الأربعاء، 2 فبراير، 2011

Circuit Breakers Ratings

 Circuit Breakers Ratings

A circuit breaker must operate under all conditions, but its operation becomes critical when there is a fault on the system in which the breaker is used. During fault conditions, a circuit breaker must open the faulty circuit and break the fault current. The ratings of the circuit breakers are also for breaking and making capabilities. There are three ratings for breakers as:
1- Breaking Capacity
2- Making Capacity
3- Short-time Rating

Breaking Capacity
 Breaking capacity is defined as the r.m.s. current that a circuit breaker is capable of breaking at given recovery voltage and under specified conditions (i.e. power factor, rate of rise of restriking voltage).

The breaking capacity is always stated at the r.m.s. value of fault current at the instant of contact separation. When the fault occurs, there is a considerable asymmetry in the fault current due to the presence of a d.c. component. In the Britain, it is a usual practice to take breaking current equal to the symmetrical breaking current. However, in America, the practice is to take breaking current equal to asymmetrical breaking current.
Therefore, the American rating given to a circuit breaker is higher than the British rating.
It is a common practice to express the breaking capacity in MVA by taking into account the rated the rated breaking current and rated service voltage. Thus if I is the rated breaking current in Amperes and the rated service voltage is V in volts, the breaking capacity for three-phase circuit is:
Breaking Capacity = sqrt 3 x V x I x 10-6 MVA

However, the agreed international standard of specifying breaking capacity is defined as the rated symmetrical breaking current at a rated voltage. The MVA breaking capacity is illogical in a sense that when the short circuit current is flowing there is only a small voltage across the breaker contacts, while the service voltage appears across the contacts only after the current has been interrupted. Thus MVA rating is the product of two quantities which do not exist simultaneously in the circuit.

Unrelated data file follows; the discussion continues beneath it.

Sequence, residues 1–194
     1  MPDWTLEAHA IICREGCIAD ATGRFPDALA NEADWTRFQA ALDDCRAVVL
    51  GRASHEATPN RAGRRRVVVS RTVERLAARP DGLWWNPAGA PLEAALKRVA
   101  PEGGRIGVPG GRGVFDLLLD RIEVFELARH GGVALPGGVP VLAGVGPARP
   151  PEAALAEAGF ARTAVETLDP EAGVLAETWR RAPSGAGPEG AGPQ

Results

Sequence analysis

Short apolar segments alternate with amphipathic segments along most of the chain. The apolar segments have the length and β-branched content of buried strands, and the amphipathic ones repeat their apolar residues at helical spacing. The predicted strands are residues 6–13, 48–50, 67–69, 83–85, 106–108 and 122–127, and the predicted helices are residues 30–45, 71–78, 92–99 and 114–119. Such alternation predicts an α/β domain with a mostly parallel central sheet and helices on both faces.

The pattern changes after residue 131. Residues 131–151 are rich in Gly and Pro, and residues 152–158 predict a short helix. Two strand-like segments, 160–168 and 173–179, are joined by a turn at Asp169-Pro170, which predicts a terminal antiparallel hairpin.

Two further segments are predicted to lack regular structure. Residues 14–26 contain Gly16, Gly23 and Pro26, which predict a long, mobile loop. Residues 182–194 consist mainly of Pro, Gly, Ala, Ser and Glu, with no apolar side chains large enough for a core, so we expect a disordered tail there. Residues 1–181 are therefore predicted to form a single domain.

Making Capacity
It is the peak value of current (including d.c. component) during the first cycle of current wave after the closure of circuit breaker.
There is always a possibility of closing or making the circuit breaker under the short circuit conditions. The capacity of a circuit breaker to make current depends upon its ability to withstand and close successfully against the effects of electromagnetic forces. These forces are proportional to the square of maximum instantaneous current on closing. Therefore, making capacity is stated in terms of a peak value of current instead of r.m.s. value.
Mathematically stated, making capacity is given as:
Making Capacity = 2.55 x symmetrical breaking capacity

Short-time Rating
The period for which the circuit breaker is able to carry fault current while remaining closed is known as short-time rating.
This rating is needed because sometimes a fault on the system is of a temporary nature and persists for only a second or two after which the fault is automatically cleared. For the sake of continuity of the supply, the breaker should not trip in such situations. This means that the circuit breakers should be able to carry high current safely for some specified period while remaining closed. This means that they should have a specified short-time rating. However, if the fault persists for a duration longer than the specified time limit, the circuit breaker will trip, disconnecting the faulty section.
The short-time rating of a circuit breaker depends upon its ability to withstand:
1- The electromagnetic force effects
2- The temperature rise

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